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Inheritance Funding: getting an Inheritance Advance vs. getting an Inheritance Loan or Probate Loan in Oregon

For many heirs of estates and trust fund beneficiaries, who are in an urgent or critical financial bind… inheritance funding – a zero-interest cash advance assignment without income status or credit history qualifications or requirements, is their last option.  For folks whose situation is not necessarily urgent, but is important, requiring immediate action, it’s possible and realistic to apply for a $3,000 to $100,000 inheritance cash advance assignment with My Inheritance Cash – and expect a decision that very day, sometimes even in a few minutes… with inheritance cash advance funding generally in two to three days.  Literally receiving a portion of your inheritance now, instead of waiting weeks or months for funds.

This is what a lot of heirs and beneficiaries in Oregon call an inheritance loan, estate loan or probate loan, or inheritance advance loan and inheritance loan advance… And just as frequently, call it an inheritance advance, estate advance or probate advance – typically receiving a free quote and, subsequently, rapid approval, within 24 hours.  and actually be able to put a large cash advance assignment in your bank account within a few days. Without the need for financial references, a credit report, a credit score, invasive employment or financial history checking, or monthly payments.  Just a single lump sum repayment at the end of the process, when probate closes – that automatically comes out of your own inheritance.  It’s that simple.

We all know that this type of time frame wouldn’t be even remotely possible with a traditional credit-based personal loan from a bank or credit union, which takes weeks and weeks of paperwork execution.  Our cash advance assignment process enables you to receive a portion of your inheritance within 48 to 72 hours after several telephone conversations, emailing or faxing a few estate documents, and signing a simple Agreement with our firm plus executing a couple of documents that require notarization.   And that’s it.  Once probate closes, we get paid back out of your upcoming inheritance, with you walking away with the balance of your inheritance.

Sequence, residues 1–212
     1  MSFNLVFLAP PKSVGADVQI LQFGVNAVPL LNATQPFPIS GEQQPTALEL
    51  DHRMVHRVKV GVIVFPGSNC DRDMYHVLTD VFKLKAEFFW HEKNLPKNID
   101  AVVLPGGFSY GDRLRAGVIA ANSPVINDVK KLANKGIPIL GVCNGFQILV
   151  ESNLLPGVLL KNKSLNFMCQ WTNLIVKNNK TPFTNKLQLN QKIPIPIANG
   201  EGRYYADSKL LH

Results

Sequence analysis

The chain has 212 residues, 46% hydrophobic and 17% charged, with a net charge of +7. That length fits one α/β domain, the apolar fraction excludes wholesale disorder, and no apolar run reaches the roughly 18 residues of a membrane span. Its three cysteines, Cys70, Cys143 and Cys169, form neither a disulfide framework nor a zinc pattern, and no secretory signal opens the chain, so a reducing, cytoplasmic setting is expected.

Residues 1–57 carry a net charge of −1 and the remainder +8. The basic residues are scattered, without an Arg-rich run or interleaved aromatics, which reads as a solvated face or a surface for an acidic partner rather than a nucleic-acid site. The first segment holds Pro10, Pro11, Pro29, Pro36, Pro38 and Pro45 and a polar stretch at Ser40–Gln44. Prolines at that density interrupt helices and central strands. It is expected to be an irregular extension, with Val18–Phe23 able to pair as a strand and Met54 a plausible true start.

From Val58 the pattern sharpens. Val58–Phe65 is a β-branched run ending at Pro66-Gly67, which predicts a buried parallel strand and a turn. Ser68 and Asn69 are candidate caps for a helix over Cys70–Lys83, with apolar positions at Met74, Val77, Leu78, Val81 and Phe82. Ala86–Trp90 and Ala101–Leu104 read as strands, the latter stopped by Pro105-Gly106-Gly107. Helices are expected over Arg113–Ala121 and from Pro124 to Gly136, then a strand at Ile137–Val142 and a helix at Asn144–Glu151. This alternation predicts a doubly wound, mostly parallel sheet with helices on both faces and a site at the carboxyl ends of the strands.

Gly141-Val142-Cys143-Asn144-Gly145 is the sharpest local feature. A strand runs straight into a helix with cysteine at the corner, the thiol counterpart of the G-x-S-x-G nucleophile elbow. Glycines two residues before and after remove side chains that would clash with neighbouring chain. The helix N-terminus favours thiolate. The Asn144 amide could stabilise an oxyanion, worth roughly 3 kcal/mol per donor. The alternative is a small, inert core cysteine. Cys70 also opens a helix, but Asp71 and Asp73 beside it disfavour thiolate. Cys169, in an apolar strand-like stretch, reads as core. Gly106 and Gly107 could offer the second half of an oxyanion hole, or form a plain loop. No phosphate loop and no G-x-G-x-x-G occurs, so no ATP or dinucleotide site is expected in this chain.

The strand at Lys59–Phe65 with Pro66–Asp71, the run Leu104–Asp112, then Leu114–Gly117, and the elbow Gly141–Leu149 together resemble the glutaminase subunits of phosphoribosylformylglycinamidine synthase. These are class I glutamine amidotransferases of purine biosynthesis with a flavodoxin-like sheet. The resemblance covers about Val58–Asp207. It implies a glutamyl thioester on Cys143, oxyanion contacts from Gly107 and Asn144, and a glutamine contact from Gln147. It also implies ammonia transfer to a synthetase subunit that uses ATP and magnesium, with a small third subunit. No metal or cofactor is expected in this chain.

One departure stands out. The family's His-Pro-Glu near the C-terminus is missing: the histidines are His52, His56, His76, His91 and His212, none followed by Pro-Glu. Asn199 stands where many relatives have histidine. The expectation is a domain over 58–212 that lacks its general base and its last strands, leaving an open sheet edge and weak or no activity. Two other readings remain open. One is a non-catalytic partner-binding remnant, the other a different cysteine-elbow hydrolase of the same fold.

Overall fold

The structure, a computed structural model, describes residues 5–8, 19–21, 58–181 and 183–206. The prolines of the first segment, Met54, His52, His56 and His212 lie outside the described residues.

Important Oregon Estate Planning Terminology

Estate planning should insure that your real property, personal property, assets, cash accounts and valuables all go to the people you want to receive these items from you after death.  Your estate planning and your will are supposed to insure that all your wishes are implemented the way you want them to be.  The below terms should provide you with a better sense of  more commonly used estate and inheritance terminology:

  • Your Estate:
    This includes everything you own – your assets, cash accounts, personal property, investments, real estate holdings, your home, your business holdings and assets, your vehicles, valuables, jewelry, antiques, and artwork, etc.
  • Estate planning:
    Is the process of making arrangements for your estate when you pass away or become incapacitated. A living will or trust may also be part of your estate plan.
  • Your Will:
    The last will provides instructions for your estate after your passing.  A living will provides instructions for medical care if you become ill, unable to make decisions.
  • A Trust:
    Many people use trusts to minimize or defer taxes and to side-step probate. A trust often resembles a will in that it furnishes instructions for the care of your possessions;  however, a trust can become active while you are still living.
  • Estate tax:
    Estate taxes are often an issue for wealthy people. However, to get a clear picture of your own estate tax situation, it’s best to confer with a tax attorney or an accountant in Oregon to judge how best to deal with your own estate tax scenario.
  • Probate:
    The person appointed as executor is responsible for making sure that your wishes are carried out during the probate process.  Along with the probate attorney of record, the executor will help manage the probate process and all estate details – including paying off creditors, paying any taxes that may be owed, dealing with taxes and issues concerning inherited real estate, etc. Probate allows for the management of all the affairs of the decedent; plus protects the decedent’s estate from fraud.

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